We have had a DaVinci 2.0A printer since November last year, overall it’s performance has been adequate for printing what we need for the loom but the software that the printer comes with leaves a lot to be desired.
As the name implies, the software is written by XYZ Printing for the (non-pro) DaVinci series of printers. It has basic functionality and the user interface can be figured out pretty easily, making it good for a cheap and easy path into 3D printing.
However, the software has some major downsides:
- It’s buggy, often requiring software restarts and power cycling the printer to get things to communicate and print properly.
- The settings are seem very sub optimal. Temperature settings for ABS are around 210 degrees Celsius for the extruder and 70 degrees celsius for the bed, which is way low. This makes getting things to stick pretty difficult. The only method I found for getting things to stick reliably was ABS slurry, which is messy to apply requires working with noxious chemicals.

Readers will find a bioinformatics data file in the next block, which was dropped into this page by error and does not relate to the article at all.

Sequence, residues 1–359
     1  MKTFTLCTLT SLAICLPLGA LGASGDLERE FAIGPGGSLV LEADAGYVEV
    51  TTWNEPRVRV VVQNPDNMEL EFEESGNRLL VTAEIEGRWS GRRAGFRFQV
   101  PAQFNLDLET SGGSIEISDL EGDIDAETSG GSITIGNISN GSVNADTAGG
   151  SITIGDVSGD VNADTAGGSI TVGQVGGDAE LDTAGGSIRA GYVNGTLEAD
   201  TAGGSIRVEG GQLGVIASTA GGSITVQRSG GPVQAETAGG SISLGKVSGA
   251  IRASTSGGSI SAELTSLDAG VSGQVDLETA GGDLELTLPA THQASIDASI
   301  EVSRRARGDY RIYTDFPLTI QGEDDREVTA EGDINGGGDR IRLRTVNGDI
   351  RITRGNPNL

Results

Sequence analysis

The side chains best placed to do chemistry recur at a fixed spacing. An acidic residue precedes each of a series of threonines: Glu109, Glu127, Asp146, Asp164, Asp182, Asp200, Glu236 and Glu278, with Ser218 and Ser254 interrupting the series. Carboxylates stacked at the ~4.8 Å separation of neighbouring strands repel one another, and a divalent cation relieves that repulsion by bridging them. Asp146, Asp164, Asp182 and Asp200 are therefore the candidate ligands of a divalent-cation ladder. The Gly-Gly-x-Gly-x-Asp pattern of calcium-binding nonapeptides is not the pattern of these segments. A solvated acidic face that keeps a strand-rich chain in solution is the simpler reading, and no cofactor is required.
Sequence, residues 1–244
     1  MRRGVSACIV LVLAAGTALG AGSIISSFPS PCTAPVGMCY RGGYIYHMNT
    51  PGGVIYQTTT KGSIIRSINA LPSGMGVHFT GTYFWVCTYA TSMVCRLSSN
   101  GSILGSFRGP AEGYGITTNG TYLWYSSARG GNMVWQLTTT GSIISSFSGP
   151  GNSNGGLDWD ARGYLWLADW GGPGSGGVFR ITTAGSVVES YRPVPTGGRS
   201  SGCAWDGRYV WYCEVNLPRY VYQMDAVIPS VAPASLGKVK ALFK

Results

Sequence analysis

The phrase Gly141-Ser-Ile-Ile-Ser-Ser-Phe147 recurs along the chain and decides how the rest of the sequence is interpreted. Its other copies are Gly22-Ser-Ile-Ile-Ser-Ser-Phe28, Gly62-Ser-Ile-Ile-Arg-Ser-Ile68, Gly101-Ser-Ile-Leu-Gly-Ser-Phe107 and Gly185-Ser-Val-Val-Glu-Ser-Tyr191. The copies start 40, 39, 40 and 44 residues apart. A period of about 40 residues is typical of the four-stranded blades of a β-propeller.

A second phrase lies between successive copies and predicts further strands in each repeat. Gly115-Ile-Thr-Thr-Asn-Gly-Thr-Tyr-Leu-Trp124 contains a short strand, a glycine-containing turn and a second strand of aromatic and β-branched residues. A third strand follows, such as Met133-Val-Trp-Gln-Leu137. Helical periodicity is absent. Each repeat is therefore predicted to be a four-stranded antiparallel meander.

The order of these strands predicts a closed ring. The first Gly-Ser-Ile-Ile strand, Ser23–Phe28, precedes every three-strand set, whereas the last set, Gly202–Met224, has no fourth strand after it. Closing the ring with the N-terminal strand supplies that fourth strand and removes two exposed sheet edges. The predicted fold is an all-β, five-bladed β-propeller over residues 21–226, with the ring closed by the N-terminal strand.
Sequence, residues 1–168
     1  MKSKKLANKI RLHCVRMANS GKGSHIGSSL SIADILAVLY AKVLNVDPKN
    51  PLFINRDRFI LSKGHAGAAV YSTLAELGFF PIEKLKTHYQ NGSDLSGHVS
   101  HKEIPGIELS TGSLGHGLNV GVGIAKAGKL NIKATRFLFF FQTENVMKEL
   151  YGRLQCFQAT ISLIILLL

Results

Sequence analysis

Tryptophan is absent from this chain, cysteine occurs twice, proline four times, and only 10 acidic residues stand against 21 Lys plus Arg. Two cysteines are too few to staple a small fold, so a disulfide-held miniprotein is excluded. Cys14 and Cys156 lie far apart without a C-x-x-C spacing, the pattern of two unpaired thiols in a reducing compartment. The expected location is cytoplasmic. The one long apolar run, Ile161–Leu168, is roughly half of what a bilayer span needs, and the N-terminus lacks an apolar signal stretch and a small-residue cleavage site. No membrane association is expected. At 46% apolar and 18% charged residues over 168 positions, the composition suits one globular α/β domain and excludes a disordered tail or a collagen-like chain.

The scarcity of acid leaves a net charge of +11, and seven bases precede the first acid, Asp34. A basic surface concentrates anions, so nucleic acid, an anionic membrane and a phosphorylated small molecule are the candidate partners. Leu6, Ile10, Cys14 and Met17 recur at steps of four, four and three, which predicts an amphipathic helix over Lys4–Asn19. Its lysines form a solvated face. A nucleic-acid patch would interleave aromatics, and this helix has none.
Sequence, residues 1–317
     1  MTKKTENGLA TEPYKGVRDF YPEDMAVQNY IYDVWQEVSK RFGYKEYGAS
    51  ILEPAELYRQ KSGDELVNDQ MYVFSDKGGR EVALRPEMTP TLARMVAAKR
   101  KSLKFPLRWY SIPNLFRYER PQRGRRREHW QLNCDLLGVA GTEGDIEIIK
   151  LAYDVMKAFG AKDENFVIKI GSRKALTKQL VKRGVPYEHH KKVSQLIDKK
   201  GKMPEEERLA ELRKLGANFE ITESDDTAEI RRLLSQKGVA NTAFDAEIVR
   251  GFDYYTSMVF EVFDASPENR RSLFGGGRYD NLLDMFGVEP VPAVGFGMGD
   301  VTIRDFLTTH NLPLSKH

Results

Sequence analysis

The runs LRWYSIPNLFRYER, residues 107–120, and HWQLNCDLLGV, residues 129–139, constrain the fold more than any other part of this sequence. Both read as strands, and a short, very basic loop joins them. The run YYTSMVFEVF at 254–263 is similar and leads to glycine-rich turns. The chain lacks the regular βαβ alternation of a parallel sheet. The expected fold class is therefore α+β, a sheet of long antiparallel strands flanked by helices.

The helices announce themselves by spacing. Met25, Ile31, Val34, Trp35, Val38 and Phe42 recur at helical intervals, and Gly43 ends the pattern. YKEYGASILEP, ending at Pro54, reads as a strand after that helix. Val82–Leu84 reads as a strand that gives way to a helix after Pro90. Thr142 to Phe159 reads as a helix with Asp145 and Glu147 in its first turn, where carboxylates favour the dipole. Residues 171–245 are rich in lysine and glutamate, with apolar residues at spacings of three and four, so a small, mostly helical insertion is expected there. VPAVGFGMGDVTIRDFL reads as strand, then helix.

- It requires chipped Davinci cartridges, which are not overly expensive but are about 40% more expensive than buying generic filament on the spool. The chips are very simple and chip resetters that allow aftermarket filament to be used are available, but its a hassle.
- The only options available for printing are for rafts, brims, infill percentages, and very general speed and detail settings. The only thing I really want however is the ability to change extruder temperatures, I can do without the rest.
The DaVinci’s main board runs the same micro controller as an Arduino Due, meaning it can run the open source printing firmware compatible with Repetier-Host. Thankfully, someone has already modified the firmware to be compatible with the DaVinci, and there is a very good youtube instructional video on how to complete the process.
The installation process went pretty smoothly, the only issue I has was getting the computer to recognise the printer as an Arduino Due after the stock firmware wipe. This was caused by the fact that the microprocessor which the due is based on runs on both Native USB and with Com-Port emulation. Newer versions of the Arduino IDE have changed the way they handle the USB drivers for the due, making installing the new firmware difficult.
The easy way around this was simply to install the version of the Arduino IDE suggested in the youtube video, and everything worked fine. Newer versions of the Arduino IDE could be made to work, if you can be bothered.
After that it was simply a case of installing and setting up repetier-host, and enjoying the superior customisation of the open source software. Ill leave some details on that for a future blog.
https://www.voltivo.com/forum/davinci – DaVinci owners forum, very useful source of information.